I've got high blood pressure as well. Mine never went above borderline. Due to family history, my GP put me on Diovan and an 81mg aspirin every morning. My blood pressure has been low to mid normal range for 7-8 years now. The use of aspirin to improve cardio health is not new, but this is the first reference I have seen to helping with cancer.
There have been a few retro spective studies re aspirin and a protective effect re colon cancer.
Doctors are concerned that people will over do the aspirin and set themselves up for GI bleeds.
There are several references in the medical literature. One of the more interesting one is the probability of aspiring lowering the re appearance of colon cancer after surgery and treatment.
When I turned 50 my doctor suggested that I start taking an 80mg aspirin a day just for precaution’s sake. My question is , is one 80mg tablet once a day sufficient or would one in the morning and a second in the evening provide better daily protection? It seems to me that one 80mg tablet a day would not provide an adequate level of effect over a 24 hour period. Thoughts?
I wouldn’t be without a bottle of Bufferin in the house.
Ask your doctor. I wouldn't take anyone's advice regarding medications, unless that individual was a licensed physician.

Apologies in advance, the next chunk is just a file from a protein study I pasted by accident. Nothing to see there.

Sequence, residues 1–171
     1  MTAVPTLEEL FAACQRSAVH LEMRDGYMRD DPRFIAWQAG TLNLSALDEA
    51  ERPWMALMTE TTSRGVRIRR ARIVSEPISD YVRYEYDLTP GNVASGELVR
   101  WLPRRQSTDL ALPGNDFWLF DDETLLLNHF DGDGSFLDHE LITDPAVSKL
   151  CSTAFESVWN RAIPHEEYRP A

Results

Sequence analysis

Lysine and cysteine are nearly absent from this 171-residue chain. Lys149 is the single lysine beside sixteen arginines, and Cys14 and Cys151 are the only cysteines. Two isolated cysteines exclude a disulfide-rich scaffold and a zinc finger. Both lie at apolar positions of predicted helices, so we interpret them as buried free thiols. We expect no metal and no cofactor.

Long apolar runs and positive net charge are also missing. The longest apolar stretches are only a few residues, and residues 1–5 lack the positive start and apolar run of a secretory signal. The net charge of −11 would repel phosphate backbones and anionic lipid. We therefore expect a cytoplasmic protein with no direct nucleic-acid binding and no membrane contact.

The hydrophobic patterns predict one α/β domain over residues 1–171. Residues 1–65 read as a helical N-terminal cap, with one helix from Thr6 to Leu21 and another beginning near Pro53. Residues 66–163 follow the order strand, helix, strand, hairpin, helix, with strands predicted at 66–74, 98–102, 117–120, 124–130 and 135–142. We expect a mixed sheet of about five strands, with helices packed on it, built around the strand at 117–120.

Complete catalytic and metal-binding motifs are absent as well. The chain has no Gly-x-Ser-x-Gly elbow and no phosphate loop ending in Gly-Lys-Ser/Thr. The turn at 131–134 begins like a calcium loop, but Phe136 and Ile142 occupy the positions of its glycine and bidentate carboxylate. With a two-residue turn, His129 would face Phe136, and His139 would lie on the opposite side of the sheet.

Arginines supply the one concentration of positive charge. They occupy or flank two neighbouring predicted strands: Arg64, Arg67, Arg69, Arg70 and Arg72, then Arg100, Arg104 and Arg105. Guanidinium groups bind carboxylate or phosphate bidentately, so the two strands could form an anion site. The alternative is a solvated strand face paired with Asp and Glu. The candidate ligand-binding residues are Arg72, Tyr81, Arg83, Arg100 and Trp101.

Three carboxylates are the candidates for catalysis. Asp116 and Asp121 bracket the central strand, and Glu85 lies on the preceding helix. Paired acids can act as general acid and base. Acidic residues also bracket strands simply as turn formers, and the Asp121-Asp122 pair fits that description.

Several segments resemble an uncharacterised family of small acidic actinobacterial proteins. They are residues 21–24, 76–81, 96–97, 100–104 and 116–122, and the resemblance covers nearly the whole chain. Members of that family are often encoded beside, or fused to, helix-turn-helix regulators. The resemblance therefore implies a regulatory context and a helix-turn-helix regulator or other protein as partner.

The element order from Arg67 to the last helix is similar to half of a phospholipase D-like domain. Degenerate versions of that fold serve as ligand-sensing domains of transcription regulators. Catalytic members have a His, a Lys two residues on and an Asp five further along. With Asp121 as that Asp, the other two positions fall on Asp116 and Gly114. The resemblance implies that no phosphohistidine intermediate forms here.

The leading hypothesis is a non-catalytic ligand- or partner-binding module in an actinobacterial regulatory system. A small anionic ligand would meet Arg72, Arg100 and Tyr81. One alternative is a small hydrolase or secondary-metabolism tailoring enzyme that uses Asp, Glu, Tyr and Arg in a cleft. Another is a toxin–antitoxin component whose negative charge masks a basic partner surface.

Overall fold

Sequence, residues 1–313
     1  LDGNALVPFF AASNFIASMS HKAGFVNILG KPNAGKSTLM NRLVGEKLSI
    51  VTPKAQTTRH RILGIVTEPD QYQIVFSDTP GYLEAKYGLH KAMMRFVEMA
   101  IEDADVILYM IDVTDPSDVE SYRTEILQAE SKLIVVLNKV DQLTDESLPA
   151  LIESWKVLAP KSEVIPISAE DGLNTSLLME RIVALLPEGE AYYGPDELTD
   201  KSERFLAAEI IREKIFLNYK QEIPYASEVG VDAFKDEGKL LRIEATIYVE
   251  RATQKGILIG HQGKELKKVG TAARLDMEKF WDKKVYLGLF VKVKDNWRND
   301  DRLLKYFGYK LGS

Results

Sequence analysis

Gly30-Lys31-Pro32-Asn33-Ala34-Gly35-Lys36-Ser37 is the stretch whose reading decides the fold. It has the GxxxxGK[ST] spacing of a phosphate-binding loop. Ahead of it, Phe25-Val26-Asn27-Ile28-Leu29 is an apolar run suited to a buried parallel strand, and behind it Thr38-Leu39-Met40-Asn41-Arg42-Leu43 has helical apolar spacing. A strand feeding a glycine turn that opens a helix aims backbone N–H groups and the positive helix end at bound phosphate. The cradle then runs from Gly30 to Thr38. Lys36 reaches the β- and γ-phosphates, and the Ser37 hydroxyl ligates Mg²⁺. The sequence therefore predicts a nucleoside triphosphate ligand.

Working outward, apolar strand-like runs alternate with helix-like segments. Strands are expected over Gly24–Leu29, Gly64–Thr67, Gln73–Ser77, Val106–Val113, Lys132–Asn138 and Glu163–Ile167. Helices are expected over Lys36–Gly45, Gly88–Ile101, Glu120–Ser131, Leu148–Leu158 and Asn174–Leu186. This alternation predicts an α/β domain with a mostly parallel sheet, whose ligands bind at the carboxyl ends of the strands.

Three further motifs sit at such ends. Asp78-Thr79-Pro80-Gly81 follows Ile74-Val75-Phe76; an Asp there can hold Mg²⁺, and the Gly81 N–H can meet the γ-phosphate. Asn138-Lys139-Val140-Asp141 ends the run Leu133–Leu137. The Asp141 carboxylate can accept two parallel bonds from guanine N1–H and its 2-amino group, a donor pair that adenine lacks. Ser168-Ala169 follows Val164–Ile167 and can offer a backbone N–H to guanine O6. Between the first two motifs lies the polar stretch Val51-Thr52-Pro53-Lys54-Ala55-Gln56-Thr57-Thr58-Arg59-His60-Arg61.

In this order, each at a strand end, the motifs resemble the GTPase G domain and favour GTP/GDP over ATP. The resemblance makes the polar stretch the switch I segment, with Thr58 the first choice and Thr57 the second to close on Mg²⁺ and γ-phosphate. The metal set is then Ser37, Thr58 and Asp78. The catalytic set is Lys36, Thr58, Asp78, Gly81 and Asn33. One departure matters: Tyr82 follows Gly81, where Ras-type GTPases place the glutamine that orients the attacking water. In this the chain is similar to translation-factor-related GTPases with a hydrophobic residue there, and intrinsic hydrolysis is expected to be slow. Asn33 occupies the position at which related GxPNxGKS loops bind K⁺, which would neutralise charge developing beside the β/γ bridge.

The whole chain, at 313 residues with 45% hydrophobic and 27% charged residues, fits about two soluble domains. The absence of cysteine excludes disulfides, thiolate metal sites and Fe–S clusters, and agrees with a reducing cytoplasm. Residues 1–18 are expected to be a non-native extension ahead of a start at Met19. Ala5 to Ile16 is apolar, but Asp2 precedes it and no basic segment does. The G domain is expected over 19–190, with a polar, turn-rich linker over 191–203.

I'm on Ecotrin 350mg/1 daily. But that's prescribed by a cardiologist.
Finally, his cardiologist told me to just stop the coumadin and substitute two baby aspirin (the 80mg).
Keeping cardiac patients on coumadin is a racket, in my opinion...keeps those blood labs in business.
I’ve used Bufferin for decades — only aspirin that doesn’t upset the stomach, etc., at least for me.
I took a 32mg for a while until I started having bleeding issues. The blood vessel bursting in my eye made me a pariah in the house. “ooohhh...dad. Go away”
That was 325
I was on Coumadin for a couple years after my stroke. After getting my blood pressure down where it should be, I was taken off it and never went back.
Those 'blood labs' worked for me.
Aspirn might be the only true “wonder” drug we have...
My doctor assured me that one 81mg aspirin per day is enough. I take mine at night since I figure I’ve eaten a dinner that is probably fattier than it should be. Hubby is the cook and he likes the taste of fat.
OK, Freepers on neverdem’s list...here I go again.
All aspirin products inhibit the main pathway for the degradation of the amino acid Tryptophan from the body. This increases Tryptophan levels and that in turn increases Niacin, which is produced from this amino acid (known to be good for the heart and a cholesterol lowering agent).
This also results in a an increase in serotonin, which is also produced form Tryptophan and it has been show that cancer patients have low levels of Serotoin and Tryptophan.
Alcohol (in moderation) also does the same thing chemically as stated above.
Food for thought? Is it any wonder that L-Tryptophan is on the “orphan” drug list from our beloved FDA?